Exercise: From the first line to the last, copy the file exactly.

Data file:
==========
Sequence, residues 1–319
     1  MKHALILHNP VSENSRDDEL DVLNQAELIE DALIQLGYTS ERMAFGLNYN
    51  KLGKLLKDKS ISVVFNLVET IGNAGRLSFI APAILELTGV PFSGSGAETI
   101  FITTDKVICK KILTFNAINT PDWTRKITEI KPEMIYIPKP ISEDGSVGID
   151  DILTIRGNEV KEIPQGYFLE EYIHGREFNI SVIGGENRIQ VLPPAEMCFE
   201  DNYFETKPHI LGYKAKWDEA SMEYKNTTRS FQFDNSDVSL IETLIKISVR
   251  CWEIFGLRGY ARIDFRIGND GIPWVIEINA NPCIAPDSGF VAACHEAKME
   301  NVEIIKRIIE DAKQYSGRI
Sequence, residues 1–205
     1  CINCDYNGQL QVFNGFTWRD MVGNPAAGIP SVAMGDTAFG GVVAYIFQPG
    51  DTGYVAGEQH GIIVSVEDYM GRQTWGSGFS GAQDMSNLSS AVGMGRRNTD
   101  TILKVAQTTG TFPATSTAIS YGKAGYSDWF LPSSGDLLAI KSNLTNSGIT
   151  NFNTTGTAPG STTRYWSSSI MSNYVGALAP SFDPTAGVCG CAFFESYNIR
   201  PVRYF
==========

Sequence, residues 1–319
     1  MKHALILHNP VSENSRDDEL DVLNQAELIE DALIQLGYTS ERMAFGLNYN
    51  KLGKLLKDKS ISVVFNLVET IGNAGRLSFI APAILELTGV PFSGSGAETI
   101  FITTDKVICK KILTFNAINT PDWTRKITEI KPEMIYIPKP ISEDGSVGID
   151  DILTIRGNEV KEIPQGYFLE EYIHGREFNI SVIGGENRIQ VLPPAEMCFE
   201  DNYFETKPHI LGYKAKWDEA SMEYKNTTRS FQFDNSDVSL IETLIKISVR
   251  CWEIFGLRGY ARIDFRIGND GIPWVIEINA NPCIAPDSGF VAACHEAKME
   301  NVEIIKRIIE DAKQYSGRI
Sequence, residues 1–205
     1  CINCDYNGQL QVFNGFTWRD MVGNPAAGIP SVAMGDTAFG GVVAYIFQPG
    51  DTGYVAGEQH GIIVSVEDYM GRQTWGSGFS GAQDMSNLSS AVGMGRRNTD
   101  TILKVAQTTG TFPATSTAIS YGKAGYSDWF LPSSGDLLAI KSNLTNSGIT
   151  NFNTTGTAPG STTRYWSSSI MSNYVGALAP SFDPTAGVCG CAFFESYNIR
   201  PVRYF